The History Of Tarot Cards

Some say tarot cards orginated in ancient Egypt, others say Gypsies were the first to use them. Learn about the history of Tarot origins through Rider-Waite fortune telling cards.

Tarot cards, commonly used for prophesying, have become a popular Western hobby, found everywhere from dimly lit Fortune Telling shops to adolescent slumber parties. The true history of Tarot cards is as mystic and controversial as the cards themselves.

The "Visconti Trumps" appeared in 1440 as a card game favored by the Italian Noble class. The twenty-two cards of the Tarot called Major Arcana are believed to be based on these cards. The Visconti Trumps were not used for purposes of prophecy; they were created merely as a game for passing the time.

Later, in late 15th century France, the Trump cards re-appeared. The newly standardized deck was highly controversial as many nobles were offended by the presence of cards such as The Devil, Death, and The Tower. Religious leaders warned against using the cards and claimed that the Devil Himself created the Trump cards. Although at this time, the cards were still probably only used for playing games, conservative leaders of the time were convinced that playing with the Trump cards could cost you your soul.



The Trump cards seemed to all but disappear until the late 1700's. At this time, the cards are for the first time used for divination. Antoine Court de Gebelin, at the forefront for the Tarot card rebirth, claimed the cards were of Egyptian decent (specifically, designed by the Egyptian god, Thoth). Many secret societies embraced the Egyptian occult. These typically upper class societies used and produced their own Tarot cards. The idea that Tarot cards originated in Egypt continued for some time. Even after 1799, when the Rosetta Stone was translated and did not lend any support to this theory, people still believed in their Egyptian roots.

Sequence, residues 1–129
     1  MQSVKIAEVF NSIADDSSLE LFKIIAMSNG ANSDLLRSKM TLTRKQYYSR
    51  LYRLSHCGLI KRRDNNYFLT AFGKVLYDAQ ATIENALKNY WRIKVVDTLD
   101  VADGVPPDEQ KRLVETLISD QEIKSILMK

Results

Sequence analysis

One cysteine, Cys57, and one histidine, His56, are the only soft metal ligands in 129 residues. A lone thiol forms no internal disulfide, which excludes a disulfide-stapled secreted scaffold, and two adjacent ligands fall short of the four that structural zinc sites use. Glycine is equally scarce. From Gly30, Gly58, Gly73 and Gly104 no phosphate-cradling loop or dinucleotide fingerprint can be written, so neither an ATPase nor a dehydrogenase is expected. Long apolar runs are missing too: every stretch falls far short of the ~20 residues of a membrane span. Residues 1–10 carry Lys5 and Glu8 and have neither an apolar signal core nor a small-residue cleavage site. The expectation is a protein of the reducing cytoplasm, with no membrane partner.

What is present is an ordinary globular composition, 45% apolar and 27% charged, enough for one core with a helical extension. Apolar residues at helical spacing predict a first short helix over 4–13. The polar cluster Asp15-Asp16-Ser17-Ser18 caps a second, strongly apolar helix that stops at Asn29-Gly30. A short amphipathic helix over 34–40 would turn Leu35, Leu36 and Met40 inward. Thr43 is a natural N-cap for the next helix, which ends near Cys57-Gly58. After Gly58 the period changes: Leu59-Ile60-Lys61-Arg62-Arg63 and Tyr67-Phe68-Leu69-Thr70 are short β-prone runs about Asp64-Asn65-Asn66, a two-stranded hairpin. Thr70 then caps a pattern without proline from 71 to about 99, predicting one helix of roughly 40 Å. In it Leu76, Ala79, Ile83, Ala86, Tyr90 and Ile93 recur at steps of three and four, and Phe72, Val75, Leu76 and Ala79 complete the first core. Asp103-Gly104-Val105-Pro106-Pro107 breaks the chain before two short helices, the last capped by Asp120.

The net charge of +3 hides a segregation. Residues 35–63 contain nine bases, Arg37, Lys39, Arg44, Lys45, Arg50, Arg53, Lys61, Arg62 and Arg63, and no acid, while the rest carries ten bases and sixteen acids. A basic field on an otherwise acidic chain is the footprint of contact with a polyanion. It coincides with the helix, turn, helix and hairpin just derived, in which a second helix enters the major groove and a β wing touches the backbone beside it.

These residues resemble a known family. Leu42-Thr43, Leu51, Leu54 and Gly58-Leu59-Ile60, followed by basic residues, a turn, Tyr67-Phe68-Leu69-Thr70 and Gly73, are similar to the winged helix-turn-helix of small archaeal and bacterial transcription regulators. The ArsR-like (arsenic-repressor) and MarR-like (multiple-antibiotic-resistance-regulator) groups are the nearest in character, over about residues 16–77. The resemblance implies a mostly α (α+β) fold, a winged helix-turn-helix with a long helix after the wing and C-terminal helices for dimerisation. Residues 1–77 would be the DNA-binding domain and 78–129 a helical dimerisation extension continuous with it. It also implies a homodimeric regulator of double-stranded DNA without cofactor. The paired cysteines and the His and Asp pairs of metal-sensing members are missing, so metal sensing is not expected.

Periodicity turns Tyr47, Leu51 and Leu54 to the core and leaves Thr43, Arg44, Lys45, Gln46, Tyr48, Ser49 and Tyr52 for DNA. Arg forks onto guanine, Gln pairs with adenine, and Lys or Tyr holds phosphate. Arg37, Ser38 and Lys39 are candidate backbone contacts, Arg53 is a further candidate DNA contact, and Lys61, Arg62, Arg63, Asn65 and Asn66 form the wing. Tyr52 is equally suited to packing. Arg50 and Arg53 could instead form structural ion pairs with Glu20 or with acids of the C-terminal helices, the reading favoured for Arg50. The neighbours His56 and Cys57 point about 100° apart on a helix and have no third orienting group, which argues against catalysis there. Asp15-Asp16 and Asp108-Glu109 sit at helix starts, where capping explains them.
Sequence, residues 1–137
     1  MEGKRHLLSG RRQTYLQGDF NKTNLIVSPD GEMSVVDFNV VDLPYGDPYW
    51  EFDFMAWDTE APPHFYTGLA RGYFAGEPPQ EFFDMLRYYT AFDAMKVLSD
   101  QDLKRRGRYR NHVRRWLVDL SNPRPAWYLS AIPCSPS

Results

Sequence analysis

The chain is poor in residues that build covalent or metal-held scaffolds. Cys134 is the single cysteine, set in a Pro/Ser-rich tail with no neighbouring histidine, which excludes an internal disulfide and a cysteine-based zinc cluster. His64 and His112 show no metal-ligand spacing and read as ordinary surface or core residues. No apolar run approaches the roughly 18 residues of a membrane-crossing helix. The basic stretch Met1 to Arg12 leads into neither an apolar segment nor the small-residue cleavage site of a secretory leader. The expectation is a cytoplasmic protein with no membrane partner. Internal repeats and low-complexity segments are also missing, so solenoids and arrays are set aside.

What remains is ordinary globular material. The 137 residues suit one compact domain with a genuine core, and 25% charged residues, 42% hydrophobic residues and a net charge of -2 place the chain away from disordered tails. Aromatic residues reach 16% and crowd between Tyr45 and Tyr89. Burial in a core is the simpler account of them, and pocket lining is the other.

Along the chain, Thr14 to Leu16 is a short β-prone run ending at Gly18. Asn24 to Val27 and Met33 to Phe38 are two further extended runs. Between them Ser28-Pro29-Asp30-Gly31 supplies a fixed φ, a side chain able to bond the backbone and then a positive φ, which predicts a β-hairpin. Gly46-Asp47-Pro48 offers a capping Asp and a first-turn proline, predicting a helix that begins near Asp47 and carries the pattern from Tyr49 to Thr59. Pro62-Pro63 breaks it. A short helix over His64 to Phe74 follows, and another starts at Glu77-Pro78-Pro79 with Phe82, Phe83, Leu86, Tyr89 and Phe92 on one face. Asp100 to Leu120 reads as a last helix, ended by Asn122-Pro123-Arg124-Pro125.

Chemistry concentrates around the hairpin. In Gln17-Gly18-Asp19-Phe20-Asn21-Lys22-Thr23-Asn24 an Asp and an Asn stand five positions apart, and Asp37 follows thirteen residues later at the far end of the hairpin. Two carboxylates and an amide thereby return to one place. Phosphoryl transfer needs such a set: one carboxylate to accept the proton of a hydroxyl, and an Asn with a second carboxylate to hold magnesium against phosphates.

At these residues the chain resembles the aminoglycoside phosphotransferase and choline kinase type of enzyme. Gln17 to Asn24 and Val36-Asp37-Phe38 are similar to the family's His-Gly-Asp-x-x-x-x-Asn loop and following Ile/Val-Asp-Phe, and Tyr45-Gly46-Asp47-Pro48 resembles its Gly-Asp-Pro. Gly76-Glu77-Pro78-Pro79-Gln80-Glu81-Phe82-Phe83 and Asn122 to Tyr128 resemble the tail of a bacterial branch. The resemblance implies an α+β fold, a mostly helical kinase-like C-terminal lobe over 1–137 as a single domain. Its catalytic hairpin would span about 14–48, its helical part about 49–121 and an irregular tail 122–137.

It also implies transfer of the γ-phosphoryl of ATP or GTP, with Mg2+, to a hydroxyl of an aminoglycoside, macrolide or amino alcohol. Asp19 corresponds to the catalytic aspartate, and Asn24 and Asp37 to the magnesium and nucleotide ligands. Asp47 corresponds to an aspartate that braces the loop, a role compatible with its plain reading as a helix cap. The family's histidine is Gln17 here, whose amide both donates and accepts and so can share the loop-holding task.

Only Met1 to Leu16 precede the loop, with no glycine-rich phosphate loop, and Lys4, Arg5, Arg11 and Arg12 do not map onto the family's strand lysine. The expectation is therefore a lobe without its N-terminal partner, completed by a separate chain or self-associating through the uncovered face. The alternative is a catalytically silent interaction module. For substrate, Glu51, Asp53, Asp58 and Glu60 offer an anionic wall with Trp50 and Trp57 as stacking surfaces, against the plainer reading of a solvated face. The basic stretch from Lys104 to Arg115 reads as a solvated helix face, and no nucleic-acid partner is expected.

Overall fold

In 1770, Jean-Baptiste Alliette (aka "Etteilla") was the first person to publish the hidden meanings of cards. Although his first publication was about regular playing cards, he later published on the meanings of Tarot (Trumps) Cards. Etteilla created the first deck of cards available to the public for the sole purpose of Cartomancy.

The belief that the Origins of the Tarot were Egyptian continued until the late 1850's, when "gypsies" became popular. It was said that gypsies, Roman descendents of Egypt, carried their Tarot decks with them throughout their nomadic travels in Europe. Another theory that quickly followed the "gypsy-theory" was that the Tarot was related to a Hebrew system of mysticism. The continuity of the Tarot cards to so many different times and places in human history confirm the universality of their symbolism.

The Tarot cards we use today are highly artistic and symbolic in nature. This is thanks to revisions done at the turn of the 20th century by Smith and Rider-Waite. The popular Rider-Waite cards (which included Minor Arcana) allowed the diviner to extract meaning from the clear symbols on the cards themselves. Tarot card readings could now be done by just about anybody. Today, there are literally hundreds of different decks of Tarot cards. The art on the cards incorporate more modern values in religion, sexuality, and human nature. Tarot cards have become a medium for beautiful works of art.

Many people today believe that the origins of Tarot cards lies somewhere in the gypsy culture, whereas others believe the ultimate beginnings were with the Nobles of 15th century Italy, or even the inhabitants of ancient Egypt. Tarot cards are mystic and beautiful reminders of the importance of symbolism to the human spirit across time and space.

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